Higher levels of background shards are present from 35 cm to the surface, and the geochemical “noise” is also particularly evident in the youngest samples, with all peaks analysed in the past millennium showing either multimodal (> five glass geochemical populations) or scattered data. Detailed geochemical biplots for multimodal sample populations, including those with only a few shards (e.g. CL-0, CL-2, CL-31, CL-61), are shown in Fig. S5. Glass shards from these samples display a mix of morphologies (including platy, cuspate, vesicular and microlitic), which are all commonly seen in tephra in this area. Their grain sizes do not show any differentiation between types (as also seen for the unimodal samples discussed above); these data cannot therefore be used to identify any differences between subpopulations of these samples.
CL-61 is the only analysed mixed sample that pre-dates the past millennium, located between the Ruppert (CL-74, 2800–2130 cal yr BP) and WRAn (CL-48, 1689–1560 cal yr BP) tephras. It has a final age–depth model estimated age of 2450–1700 cal yr BP (2σ; Table S7). It contains a few shards that are similar to the rhyodacite from Aniakchak volcano and also an Augustine tephra (Fortin et al., 2019; Waitt and Begét, 2009), but while these volcanoes have known activity at this time (e.g. Bacon et al., 2014; Waitt and Begét, 2009), there are not enough analyses available for a confident correlation.
Of the six mixed samples, only two – CL-4 (180–60 cal yr BP, 2σ, Table S7) and CL-7 (625–75 cal yr BP, 2σ, Table S7) – have populations that can be identified as dominant from the analyses presented here. Rhyodacitic and dacitic glass shards from these samples overlap geochemically with reference data for Aniakchak (Davies et al., 2016) and are interpreted as strong evidence of eruptive activity at Aniakchak, given both the number of shards and the proportion of analyses that they represent. CL-7 also has six points that are geochemically similar to the Early Holocene eruption KO (∼8410–8455 cal yr BP; Braitseva et al., 1997) from Kamchatka, but this does not correlate to any known eruptions from Kamchatka in the timeframe of this deposit. While these are the three most coherent geochemical populations observed in these mixed samples, they are not deemed useful here for chronostratigraphic applications (discussed further in the “Multimodal samples and historical activity” section).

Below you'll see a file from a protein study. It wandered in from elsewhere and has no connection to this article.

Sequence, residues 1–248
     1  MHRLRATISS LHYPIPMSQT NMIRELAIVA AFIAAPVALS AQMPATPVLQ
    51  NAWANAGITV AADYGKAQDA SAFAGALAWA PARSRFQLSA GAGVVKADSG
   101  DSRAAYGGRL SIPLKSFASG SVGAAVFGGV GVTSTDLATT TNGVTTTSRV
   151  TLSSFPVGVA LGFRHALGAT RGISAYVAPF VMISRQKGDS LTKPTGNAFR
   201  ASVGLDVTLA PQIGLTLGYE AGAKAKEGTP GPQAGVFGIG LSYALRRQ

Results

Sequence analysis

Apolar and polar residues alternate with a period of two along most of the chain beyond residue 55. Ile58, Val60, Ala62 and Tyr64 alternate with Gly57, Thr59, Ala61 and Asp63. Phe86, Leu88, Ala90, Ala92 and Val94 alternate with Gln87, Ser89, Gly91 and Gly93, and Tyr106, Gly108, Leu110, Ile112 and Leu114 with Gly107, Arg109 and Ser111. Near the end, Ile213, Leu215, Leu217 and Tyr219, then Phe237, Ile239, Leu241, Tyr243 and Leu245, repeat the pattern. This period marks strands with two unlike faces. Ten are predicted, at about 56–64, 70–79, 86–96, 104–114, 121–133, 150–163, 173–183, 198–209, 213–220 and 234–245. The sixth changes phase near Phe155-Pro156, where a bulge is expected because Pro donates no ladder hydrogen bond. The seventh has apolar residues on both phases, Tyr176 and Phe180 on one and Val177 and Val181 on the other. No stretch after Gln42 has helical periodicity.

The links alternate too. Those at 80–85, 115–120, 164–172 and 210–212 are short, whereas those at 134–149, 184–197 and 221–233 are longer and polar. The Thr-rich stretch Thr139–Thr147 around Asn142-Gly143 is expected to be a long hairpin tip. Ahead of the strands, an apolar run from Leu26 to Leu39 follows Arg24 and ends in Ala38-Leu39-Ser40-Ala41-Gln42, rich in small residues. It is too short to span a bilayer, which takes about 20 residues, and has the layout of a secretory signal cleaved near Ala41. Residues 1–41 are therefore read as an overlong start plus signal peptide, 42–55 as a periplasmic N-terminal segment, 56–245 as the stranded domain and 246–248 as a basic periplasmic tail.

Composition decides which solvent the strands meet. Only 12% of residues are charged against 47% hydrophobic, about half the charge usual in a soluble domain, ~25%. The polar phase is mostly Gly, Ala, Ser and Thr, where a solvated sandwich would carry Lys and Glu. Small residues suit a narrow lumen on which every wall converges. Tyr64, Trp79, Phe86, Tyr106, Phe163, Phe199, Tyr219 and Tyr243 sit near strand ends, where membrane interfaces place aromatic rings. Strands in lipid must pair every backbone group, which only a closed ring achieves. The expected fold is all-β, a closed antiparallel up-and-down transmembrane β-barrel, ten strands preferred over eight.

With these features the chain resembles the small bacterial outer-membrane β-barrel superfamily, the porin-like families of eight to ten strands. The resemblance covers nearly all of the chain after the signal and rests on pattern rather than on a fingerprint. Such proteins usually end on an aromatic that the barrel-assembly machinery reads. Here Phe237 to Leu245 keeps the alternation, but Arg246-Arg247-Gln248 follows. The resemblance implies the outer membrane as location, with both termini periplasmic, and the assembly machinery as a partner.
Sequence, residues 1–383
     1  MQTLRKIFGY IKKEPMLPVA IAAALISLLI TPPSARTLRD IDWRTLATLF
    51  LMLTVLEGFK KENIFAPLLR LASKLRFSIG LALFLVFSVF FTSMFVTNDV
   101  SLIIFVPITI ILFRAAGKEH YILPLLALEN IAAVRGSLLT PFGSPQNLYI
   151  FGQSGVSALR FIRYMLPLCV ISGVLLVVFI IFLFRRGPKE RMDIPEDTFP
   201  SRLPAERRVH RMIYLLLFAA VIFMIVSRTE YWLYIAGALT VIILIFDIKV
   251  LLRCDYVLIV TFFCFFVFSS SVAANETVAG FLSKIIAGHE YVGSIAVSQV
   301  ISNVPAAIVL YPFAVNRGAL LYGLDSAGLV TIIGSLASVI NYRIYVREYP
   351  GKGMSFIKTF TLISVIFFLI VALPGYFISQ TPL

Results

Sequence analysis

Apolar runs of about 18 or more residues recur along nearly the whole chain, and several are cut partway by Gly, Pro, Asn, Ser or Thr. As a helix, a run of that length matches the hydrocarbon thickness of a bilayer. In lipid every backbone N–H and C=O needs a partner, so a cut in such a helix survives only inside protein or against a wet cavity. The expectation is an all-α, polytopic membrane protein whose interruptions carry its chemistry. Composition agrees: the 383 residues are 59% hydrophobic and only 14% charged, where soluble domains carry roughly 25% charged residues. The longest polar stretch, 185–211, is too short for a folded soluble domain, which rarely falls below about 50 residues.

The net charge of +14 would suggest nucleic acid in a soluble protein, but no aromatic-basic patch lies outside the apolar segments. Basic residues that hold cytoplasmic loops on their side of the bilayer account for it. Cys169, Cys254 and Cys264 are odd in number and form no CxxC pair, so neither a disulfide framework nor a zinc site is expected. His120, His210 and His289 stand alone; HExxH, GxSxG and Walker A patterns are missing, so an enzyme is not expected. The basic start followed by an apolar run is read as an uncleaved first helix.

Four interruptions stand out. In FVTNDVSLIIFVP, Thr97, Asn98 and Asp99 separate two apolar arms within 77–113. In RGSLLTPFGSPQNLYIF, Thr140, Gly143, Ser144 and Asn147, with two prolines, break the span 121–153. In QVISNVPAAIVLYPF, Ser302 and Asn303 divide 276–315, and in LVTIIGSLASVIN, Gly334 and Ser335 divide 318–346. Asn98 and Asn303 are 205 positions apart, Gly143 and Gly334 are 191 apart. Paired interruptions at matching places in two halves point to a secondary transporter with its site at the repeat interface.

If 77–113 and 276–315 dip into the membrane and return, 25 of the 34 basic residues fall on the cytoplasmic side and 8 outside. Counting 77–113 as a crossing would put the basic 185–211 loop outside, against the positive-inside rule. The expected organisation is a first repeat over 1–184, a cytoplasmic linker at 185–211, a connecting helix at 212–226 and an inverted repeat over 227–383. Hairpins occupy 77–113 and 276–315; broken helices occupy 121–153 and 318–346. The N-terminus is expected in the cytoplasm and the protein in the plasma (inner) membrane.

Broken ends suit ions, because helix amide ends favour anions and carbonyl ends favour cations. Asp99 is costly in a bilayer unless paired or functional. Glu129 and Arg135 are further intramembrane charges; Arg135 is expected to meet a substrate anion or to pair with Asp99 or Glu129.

An alternative approach for considering these mixed data is to parse by geochemical trend that can be broadly related to a source rather than to any individual eruption. Given the high levels of background shards it is possible that the chosen shard concentration peaks do not relate directly to primary tephra fall. This is particularly likely where multiple eruptive events are closely spaced in time and therefore overlap within the temporal resolution of 1 cm of sediment accumulation. As each sample might contain shards from multiple eruptions these data can be seen as recording eruptive activity in a broader period, instead of discrete eruptions or accurately dated events.
Using this source-based classification, it is possible to identify eight geochemical groups, illustrated in Fig. 4, for the four mixed samples from the past ∼1000 years, CL-31 and CL-61. Five of these eight geochemical groups correlate with reference glass data for volcanic sources in Alaska (Aniakchak, Mt Churchill, Redoubt Volcano, Augustine Volcano, Mt Katmai). These volcanoes all have known eruptions or suspected eruptive activity during this time period (e.g. Cameron et al., 2020).
Step one of our chronometer comparison (see Sect. 2.3) considered where the individual ages fit their expected stratigraphic order. Steen (2016) noted that two 14C ages from the full core sequence (5.5–7.5 cm and 245–248 cm) were anomalously old compared to their surrounding ages and these were therefore excluded from further consideration. While the 210Pb ages are not discussed here in detail (given their limited applicability to the Late Holocene record), they overlap with the youngest 14C age (2.6–4.5 cm). They therefore help constrain the broad age range (295–60 cal yr BP) of this sample that sits on a plateau in the radiocarbon calibration curve.